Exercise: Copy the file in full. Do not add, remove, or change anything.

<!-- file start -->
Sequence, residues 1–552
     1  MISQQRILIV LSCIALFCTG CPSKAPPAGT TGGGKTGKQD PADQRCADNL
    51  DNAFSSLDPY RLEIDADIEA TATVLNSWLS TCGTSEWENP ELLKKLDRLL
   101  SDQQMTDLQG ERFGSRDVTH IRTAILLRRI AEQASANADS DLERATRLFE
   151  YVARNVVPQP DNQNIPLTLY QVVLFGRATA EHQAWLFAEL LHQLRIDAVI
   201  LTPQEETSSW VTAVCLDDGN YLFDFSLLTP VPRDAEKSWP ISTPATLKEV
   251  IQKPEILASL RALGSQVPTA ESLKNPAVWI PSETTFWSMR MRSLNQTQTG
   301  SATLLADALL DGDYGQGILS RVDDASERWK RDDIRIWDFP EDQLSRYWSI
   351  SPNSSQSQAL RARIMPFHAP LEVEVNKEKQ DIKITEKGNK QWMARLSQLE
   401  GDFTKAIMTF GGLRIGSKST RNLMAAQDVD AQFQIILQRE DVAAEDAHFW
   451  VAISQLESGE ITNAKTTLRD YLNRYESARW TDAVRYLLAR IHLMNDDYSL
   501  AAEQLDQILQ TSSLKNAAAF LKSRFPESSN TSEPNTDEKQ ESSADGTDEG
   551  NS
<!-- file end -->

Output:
Sequence, residues 1–552
     1  MISQQRILIV LSCIALFCTG CPSKAPPAGT TGGGKTGKQD PADQRCADNL
    51  DNAFSSLDPY RLEIDADIEA TATVLNSWLS TCGTSEWENP ELLKKLDRLL
   101  SDQQMTDLQG ERFGSRDVTH IRTAILLRRI AEQASANADS DLERATRLFE
   151  YVARNVVPQP DNQNIPLTLY QVVLFGRATA EHQAWLFAEL LHQLRIDAVI
   201  LTPQEETSSW VTAVCLDDGN YLFDFSLLTP VPRDAEKSWP ISTPATLKEV
   251  IQKPEILASL RALGSQVPTA ESLKNPAVWI PSETTFWSMR MRSLNQTQTG
   301  SATLLADALL DGDYGQGILS RVDDASERWK RDDIRIWDFP EDQLSRYWSI
   351  SPNSSQSQAL RARIMPFHAP LEVEVNKEKQ DIKITEKGNK QWMARLSQLE
   401  GDFTKAIMTF GGLRIGSKST RNLMAAQDVD AQFQIILQRE DVAAEDAHFW
   451  VAISQLESGE ITNAKTTLRD YLNRYESARW TDAVRYLLAR IHLMNDDYSL
   501  AAEQLDQILQ TSSLKNAAAF LKSRFPESSN TSEPNTDEKQ ESSADGTDEG
   551  NS